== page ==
While the BOP may be out of the picture for non-medical compassionate release, s. 3582(c)(1)(A) still requires that a written request is filed with the BOP for compassionate release before a prisoner can file his own motion in court. The courts are divided over whether you have to exhaust all your administrative remedies before going to court (i.e., the BP-8, BP-9, etc.). Most say you can if you still want to, but you don’t have to and can just wait 30 days to file your motion. This aligns with the statute, which says that a prisoner can file a motion “after the defendant has fully exhausted all administrative rights to appeal a failure of the [BOP] to bring a motion on the defendant’s behalf or the lapse of 30 days from the receipt of such a request by the warden.” The government, though, has been winning some arguments in the courts that a prisoner must go through the whole administrative remedy process before filing in court, which can take up to six months. See U.S. v. Arthaloney, 2020 U.S. Dist. LEXIS 89245 (D. Neb. May 21, 2020) (“if the warden denied the request within 30 days of receipt, the defendant must exhaust administrative remedies”). This, however, ignores that there are two separate options for giving the BOP the first chance: Exhausting administrative remedies or waiting 30 days. In Millan, the court found that the statutory requirement was satisfied after a 30-day wait from receipt of Millan’s written request to the warden. And it’s the date of the receipt that counts, not when it’s submitted. See U.S. v. Miller, 2020 U.S. Dist. LEXIS 80817 (D. Idaho May 6, 2020). It doesn’t have to be a formal request, like a BP-9, and a “copout” suffices as a written request. But properly exhausting your administrative remedies has its benefits. The First Step Act added a provision, s. 3582(d), that the BOP must file an annual report on all compassionate release requests it receives and the outcome of those cases, even if the prisoner filed his own motion. However, the BOP only has to include the data from motions filed in cases where administrative remedies were exhausted. So, still file those BP-9s, BP-10s, and BP-11s, even if you go to court after only waiting 30 days. To date, no court of appeals has addressed whether an emergency can excuse the initial request to the BOP, such as a deadly virus like COVID-19. All the district courts so far have held that its’ statutorily mandated and can’t be waived. But you can file again once you do meet the requirements. And for non-medical compassionate release, administrative remedies may be a waste of time. This is because the BOP’s Program Statement 5050.50 on compassionate release, amended after the First Step Act, still only allows the BOP to move for compassionate release for medical reasons. Could exhaustion be “futile” in these cases? Again, there’s not much in the courts about this yet.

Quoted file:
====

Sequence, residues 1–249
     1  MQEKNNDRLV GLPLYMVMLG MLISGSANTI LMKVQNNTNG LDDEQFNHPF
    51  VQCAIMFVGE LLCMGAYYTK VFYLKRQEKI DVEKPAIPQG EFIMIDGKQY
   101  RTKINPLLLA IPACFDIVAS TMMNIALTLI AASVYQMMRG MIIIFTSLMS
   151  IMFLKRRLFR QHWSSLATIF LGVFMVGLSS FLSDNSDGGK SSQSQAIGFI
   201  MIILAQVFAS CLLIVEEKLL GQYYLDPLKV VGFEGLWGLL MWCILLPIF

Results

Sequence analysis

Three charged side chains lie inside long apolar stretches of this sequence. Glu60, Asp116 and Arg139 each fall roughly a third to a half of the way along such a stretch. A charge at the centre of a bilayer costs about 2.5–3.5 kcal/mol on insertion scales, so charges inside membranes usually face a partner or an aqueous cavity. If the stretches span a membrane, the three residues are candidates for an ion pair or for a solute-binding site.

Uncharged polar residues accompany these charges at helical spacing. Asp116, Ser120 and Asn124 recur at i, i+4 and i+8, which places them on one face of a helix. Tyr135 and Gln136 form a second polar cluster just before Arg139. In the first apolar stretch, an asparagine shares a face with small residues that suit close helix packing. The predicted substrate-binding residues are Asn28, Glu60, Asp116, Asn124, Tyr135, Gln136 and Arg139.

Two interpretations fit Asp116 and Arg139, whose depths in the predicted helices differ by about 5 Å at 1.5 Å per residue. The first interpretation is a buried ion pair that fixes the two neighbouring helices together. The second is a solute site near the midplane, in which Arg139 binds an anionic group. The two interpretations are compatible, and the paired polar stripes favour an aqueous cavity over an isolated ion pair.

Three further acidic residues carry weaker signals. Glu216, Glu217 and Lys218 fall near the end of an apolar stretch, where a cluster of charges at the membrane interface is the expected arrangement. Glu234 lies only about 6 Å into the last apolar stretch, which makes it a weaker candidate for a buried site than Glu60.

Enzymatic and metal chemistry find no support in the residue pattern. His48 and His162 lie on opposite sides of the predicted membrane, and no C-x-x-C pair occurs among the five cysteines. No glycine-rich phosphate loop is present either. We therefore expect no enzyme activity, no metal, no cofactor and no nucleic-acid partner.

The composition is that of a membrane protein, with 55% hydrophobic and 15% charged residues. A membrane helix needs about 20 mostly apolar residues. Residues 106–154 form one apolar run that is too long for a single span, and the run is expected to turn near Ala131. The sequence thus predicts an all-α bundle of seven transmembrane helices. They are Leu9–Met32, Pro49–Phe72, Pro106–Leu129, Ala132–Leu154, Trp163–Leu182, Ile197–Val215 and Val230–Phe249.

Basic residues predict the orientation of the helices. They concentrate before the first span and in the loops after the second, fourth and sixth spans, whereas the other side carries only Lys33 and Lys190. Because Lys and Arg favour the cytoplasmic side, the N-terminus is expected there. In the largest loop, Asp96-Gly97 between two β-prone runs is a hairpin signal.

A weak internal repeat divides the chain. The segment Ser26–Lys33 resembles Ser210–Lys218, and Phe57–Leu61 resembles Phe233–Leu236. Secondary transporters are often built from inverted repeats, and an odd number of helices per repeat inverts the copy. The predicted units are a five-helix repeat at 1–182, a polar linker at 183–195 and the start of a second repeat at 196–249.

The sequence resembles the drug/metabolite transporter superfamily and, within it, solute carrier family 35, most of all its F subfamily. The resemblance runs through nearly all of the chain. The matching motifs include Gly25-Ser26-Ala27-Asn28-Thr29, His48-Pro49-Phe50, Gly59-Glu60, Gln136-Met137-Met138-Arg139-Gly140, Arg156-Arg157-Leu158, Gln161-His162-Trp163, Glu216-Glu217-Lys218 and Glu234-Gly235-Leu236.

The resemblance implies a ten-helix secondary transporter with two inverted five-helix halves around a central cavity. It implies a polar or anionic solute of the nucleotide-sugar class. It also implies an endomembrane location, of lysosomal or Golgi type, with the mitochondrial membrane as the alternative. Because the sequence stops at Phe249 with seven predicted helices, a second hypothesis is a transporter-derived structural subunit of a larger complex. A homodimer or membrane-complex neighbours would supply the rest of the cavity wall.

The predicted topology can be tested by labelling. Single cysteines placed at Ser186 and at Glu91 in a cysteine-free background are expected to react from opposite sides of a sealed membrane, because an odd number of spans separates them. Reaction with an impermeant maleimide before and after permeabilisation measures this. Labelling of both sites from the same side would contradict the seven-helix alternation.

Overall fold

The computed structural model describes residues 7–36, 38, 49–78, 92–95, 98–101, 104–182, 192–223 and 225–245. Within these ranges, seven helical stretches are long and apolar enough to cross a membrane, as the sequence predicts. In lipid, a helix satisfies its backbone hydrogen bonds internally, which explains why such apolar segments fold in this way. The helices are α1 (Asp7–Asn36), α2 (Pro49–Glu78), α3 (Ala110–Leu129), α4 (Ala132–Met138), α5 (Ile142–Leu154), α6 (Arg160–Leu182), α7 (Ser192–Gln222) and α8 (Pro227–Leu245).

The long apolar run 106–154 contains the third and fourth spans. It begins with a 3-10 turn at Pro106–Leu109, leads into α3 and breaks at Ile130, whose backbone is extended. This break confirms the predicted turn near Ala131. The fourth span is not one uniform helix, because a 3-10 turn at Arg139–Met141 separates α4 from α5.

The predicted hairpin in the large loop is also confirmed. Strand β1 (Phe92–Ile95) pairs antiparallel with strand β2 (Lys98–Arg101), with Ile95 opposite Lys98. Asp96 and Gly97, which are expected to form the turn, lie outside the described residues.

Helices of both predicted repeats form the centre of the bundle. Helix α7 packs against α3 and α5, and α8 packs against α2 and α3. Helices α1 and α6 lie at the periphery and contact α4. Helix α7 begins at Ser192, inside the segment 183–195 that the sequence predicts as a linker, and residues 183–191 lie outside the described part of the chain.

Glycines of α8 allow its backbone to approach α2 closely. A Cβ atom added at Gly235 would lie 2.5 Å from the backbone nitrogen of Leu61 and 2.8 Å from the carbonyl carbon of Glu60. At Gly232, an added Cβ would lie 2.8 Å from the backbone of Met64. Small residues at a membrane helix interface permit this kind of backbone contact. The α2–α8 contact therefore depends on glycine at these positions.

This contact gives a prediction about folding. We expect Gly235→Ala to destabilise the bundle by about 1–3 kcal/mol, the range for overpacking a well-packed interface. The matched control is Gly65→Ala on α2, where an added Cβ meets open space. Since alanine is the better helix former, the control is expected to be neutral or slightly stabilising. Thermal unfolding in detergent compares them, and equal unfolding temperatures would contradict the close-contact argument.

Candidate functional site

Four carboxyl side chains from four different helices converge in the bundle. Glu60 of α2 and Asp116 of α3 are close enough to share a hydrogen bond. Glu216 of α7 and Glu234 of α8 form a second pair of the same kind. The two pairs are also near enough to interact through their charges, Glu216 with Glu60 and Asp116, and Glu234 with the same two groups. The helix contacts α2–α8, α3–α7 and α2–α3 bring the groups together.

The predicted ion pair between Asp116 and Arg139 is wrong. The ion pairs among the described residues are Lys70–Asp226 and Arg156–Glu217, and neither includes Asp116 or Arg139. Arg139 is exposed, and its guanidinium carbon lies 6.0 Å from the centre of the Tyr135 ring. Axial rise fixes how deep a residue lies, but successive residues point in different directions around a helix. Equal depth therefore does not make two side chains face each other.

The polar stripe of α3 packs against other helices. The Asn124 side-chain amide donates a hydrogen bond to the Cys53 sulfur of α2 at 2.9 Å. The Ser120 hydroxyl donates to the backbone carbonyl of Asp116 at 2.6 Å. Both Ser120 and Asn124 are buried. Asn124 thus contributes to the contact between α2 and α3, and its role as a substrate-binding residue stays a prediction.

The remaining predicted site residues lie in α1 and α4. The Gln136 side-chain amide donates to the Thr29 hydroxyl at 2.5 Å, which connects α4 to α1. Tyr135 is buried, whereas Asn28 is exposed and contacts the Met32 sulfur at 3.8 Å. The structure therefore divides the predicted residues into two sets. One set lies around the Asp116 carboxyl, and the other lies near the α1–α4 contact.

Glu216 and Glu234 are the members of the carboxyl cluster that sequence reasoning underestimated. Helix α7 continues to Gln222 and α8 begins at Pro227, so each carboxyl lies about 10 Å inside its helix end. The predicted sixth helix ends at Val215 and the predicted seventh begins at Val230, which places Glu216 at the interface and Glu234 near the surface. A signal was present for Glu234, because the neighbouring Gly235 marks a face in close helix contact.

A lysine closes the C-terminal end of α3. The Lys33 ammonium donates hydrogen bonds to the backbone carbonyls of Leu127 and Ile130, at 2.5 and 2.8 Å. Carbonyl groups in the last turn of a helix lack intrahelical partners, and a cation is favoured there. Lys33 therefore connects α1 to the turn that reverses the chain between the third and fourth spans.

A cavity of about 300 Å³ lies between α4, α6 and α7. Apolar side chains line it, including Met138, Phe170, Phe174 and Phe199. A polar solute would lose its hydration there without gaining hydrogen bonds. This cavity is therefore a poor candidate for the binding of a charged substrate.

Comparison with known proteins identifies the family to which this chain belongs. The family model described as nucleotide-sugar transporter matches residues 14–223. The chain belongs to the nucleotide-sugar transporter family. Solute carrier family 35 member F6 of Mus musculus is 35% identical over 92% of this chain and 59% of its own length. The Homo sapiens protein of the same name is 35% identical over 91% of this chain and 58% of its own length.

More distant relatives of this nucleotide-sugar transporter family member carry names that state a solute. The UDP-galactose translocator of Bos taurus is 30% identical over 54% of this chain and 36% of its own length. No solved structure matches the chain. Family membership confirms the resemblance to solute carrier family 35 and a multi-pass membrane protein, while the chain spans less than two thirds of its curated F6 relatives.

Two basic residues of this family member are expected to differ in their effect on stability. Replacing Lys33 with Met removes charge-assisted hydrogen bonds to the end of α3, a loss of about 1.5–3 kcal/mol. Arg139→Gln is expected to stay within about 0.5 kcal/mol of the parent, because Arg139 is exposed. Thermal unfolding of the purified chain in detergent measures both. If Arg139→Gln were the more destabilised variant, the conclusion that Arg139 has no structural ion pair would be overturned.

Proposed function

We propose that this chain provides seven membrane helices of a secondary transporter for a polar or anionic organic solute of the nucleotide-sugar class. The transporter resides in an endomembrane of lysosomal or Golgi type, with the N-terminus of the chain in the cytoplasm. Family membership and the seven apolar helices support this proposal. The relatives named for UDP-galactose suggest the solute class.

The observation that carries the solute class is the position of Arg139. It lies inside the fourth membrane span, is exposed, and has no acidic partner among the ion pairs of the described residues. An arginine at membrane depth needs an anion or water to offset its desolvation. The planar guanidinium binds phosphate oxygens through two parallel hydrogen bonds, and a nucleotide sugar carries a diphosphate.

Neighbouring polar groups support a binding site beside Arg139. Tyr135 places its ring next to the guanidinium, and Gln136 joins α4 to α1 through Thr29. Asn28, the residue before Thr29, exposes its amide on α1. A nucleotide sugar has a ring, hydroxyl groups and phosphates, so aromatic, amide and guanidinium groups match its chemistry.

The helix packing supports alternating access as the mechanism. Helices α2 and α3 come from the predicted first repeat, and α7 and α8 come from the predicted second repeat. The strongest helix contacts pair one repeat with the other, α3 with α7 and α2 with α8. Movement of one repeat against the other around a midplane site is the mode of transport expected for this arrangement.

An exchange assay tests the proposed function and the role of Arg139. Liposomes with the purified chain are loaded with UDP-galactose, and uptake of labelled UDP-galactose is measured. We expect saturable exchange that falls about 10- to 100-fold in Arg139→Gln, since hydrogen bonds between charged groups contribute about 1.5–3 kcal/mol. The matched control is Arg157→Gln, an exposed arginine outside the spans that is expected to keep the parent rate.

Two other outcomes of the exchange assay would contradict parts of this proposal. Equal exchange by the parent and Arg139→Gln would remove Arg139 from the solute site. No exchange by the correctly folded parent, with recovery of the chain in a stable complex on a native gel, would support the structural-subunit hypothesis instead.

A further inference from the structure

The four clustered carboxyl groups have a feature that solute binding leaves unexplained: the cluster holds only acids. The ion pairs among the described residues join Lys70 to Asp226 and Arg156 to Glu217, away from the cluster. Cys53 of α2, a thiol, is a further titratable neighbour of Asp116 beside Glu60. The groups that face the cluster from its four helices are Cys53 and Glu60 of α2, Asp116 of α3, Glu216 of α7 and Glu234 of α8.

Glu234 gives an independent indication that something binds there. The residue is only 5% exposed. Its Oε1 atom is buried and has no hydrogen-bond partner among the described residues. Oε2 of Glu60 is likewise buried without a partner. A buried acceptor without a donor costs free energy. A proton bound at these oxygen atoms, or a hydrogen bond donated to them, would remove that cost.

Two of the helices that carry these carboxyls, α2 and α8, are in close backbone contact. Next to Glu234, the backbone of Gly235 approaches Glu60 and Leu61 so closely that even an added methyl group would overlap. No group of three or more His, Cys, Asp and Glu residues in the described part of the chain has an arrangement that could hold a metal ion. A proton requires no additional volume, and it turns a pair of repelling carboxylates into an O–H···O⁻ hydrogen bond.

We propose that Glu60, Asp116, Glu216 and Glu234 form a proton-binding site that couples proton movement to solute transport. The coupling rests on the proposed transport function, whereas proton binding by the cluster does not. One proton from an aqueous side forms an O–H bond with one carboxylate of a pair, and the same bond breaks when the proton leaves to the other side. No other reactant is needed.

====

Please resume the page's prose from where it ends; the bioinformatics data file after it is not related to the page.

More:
Allowing prisoners to file for compassionate release has given the courts an avenue to fix unfair sentences that they couldn’t fix before the First Step Act. The key seems to be finding a sympathetic judge, and then to file your motion in the right way. If your judge didn’t want to impose the sentence she did, then find evidence of this in the record to support why granting compassionate release would be an option now. By: Dale Chappell

About Brandon Sample

Brandon Sample is an attorney, author, and criminal justice reform activist. Brandon’s law practice is focused on federal criminal defense, federal appeals, federal post-conviction relief, federal civil rights litigation, federal administrative law, and the Freedom of Information Act (FOIA).

1 Comment

  1. Thomas Harding on October 5, 2020 at 11:29 pm

    I writing for my brother Veotis Harding 40493018 who is incarcerated and not allow to use a computer. My brother was unfairly sentenced and he was stacked sentence for 40 years for money laundering.